1. 2 Brief debut of The Great GatsbyThe Great Gatsby is the narrative of millionaire Jay Gatsby as told by Nick Carraway. a Midwesterner who lives on Long Island but works in Manhattan. Gatsby’s tremendous sign of the zodiac is next to Carraway ’ s modest place. Nick learns that Gatsby is in love Daisy Buchanan. Nick’s cousin and the married woman of Tom Buchanan. an familiarity of Nick’s from Yale. Gatsby and Daisy had one time been in love. but Daisy married Tom while Gatsby was in Europe during the Great War. In the wake of this. Jay Gatsby abandoned his old individuality and accumulating a luck through bootlegging and other “shaddy” activities. Gatsby chose the site of his house in Long Island because it was across the bay from Daisy’s house. He lead a excessive life style and eye-popping parties every weekend. which are merely the efforts to affect and tempt Daisy to come.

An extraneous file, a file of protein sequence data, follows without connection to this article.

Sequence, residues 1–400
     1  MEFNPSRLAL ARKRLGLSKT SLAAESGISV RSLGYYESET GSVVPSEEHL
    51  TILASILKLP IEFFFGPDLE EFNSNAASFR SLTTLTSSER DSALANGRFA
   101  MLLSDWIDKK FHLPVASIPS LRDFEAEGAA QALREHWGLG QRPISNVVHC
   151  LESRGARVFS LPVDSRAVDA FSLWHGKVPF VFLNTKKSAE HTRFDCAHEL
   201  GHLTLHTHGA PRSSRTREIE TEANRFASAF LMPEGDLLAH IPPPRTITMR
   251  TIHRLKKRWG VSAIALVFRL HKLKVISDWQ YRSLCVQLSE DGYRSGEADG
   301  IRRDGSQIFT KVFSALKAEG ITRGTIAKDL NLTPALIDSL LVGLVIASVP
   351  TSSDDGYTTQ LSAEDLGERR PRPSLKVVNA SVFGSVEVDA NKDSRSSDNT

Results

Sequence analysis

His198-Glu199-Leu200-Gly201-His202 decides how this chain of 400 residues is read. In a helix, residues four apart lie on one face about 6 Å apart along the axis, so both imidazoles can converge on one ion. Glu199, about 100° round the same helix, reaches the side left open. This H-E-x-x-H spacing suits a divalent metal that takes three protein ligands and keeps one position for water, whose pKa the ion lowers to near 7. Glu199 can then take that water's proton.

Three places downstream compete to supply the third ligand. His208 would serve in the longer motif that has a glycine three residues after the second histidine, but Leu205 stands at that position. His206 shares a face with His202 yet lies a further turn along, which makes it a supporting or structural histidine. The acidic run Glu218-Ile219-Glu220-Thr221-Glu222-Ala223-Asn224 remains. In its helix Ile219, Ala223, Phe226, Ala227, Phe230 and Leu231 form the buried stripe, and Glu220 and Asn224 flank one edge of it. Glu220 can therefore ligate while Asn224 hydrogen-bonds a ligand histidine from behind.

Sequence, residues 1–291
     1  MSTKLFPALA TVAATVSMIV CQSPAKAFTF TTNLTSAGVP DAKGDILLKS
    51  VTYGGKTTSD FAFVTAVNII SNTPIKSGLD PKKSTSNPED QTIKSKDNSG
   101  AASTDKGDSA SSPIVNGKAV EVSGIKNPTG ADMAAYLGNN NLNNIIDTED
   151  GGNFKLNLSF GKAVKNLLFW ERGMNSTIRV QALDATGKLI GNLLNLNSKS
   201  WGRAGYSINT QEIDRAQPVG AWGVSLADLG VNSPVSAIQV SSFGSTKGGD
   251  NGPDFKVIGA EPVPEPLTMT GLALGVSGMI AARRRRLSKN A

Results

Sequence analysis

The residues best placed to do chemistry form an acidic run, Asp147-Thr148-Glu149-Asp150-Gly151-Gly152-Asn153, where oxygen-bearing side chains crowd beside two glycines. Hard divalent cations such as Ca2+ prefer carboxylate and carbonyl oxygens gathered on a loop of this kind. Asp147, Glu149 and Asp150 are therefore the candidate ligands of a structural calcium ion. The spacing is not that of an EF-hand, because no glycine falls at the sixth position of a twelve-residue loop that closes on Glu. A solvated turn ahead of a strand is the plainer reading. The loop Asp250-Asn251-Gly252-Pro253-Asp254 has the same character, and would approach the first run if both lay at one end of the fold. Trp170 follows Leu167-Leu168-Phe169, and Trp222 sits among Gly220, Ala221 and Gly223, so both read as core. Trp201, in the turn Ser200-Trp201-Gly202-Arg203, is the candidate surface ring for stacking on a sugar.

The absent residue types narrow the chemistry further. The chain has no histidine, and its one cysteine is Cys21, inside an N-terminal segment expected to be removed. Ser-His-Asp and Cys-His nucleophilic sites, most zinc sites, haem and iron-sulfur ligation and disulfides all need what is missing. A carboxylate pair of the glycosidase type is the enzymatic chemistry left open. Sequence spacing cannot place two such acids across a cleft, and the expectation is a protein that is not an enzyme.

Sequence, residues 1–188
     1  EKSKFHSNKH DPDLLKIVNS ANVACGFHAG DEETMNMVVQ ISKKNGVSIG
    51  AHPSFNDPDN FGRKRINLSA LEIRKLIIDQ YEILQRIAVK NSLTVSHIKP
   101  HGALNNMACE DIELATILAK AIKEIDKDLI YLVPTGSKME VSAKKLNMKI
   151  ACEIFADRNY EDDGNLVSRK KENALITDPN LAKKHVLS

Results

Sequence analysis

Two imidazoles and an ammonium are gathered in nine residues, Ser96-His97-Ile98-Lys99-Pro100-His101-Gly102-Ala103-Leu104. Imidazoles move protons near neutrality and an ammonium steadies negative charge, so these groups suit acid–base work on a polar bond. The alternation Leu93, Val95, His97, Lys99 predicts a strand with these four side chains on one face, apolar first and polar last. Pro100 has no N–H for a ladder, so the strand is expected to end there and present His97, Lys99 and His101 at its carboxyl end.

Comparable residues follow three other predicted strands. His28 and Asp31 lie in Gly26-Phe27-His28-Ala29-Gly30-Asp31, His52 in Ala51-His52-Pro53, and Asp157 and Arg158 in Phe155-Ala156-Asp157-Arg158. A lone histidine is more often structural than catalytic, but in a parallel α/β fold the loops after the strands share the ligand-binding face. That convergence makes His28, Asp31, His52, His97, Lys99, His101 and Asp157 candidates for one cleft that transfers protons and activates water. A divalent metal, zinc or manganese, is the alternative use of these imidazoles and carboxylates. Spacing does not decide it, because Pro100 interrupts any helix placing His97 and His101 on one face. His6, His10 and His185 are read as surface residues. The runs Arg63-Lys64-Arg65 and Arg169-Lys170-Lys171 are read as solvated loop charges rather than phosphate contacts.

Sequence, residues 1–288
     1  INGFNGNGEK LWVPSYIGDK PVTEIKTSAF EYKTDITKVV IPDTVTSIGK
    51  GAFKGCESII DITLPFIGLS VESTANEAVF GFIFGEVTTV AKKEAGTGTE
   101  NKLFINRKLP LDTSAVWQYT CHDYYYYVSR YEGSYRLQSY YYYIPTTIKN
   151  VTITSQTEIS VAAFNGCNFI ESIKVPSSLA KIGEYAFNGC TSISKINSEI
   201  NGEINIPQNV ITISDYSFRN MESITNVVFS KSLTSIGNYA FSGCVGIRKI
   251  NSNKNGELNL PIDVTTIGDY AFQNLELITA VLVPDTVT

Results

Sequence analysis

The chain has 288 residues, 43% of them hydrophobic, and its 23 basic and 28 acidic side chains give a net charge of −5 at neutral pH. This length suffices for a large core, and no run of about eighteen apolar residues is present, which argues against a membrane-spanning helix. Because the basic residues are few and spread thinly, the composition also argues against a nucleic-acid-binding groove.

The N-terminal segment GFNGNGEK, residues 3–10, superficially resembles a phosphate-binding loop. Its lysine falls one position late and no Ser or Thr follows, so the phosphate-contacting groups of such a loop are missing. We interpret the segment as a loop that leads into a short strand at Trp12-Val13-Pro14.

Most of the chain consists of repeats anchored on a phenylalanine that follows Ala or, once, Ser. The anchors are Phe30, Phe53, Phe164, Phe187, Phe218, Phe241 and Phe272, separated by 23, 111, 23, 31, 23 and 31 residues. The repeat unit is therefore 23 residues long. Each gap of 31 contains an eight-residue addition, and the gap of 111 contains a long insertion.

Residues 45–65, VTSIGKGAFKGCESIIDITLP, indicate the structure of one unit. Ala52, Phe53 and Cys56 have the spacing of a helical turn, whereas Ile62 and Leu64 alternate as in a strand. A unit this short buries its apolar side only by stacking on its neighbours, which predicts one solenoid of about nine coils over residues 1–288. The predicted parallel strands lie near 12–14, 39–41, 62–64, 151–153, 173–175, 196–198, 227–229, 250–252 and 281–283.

Nick manages to acquire Gatsby and Daisy together. and while the meeting is awkward at first. Gatsby shortly relaxes and invites Nick and Daisy back to his sign of the zodiac. Gatsby and Daisy begin to see each other in secret with some frequence. Nick and Gatsby besides become near. as Nick is one of the lone people who continues to back up Gatsby despite the countless rumours that circulate around the adult male. Buchanan finally confronts Gatsby in Manhattan about the matter. and the two argue at length about who it is that Daisy truly loves. Daisy claims to love both of them. but she decides to return to Long Island with Gatsby. non her hubby. Daisy drives Gatsby’s auto. but she by chance kills a adult female on the side of the route. and so rush off. It turns out that this adult female is Buchanan’s girlfriend Myrtle—she had merely run out to see the auto because she thought it was Buchanan’s. Myrtle’s hubby blames Buchanan for the decease. but Buchanan informs him that it was Gatsby’s auto that killed the adult female. The machinist goes to Gatsby’s house. where he shoots Gatsby and so himself. Daisy refuses to squeal to her offense. and merely a few people. including Gatsby’s male parent Henry. demo up for Gatsby’s funeral

2. The lost coevals appear in The Great Gatsby2. 1 Fictional character in The Great Gatsby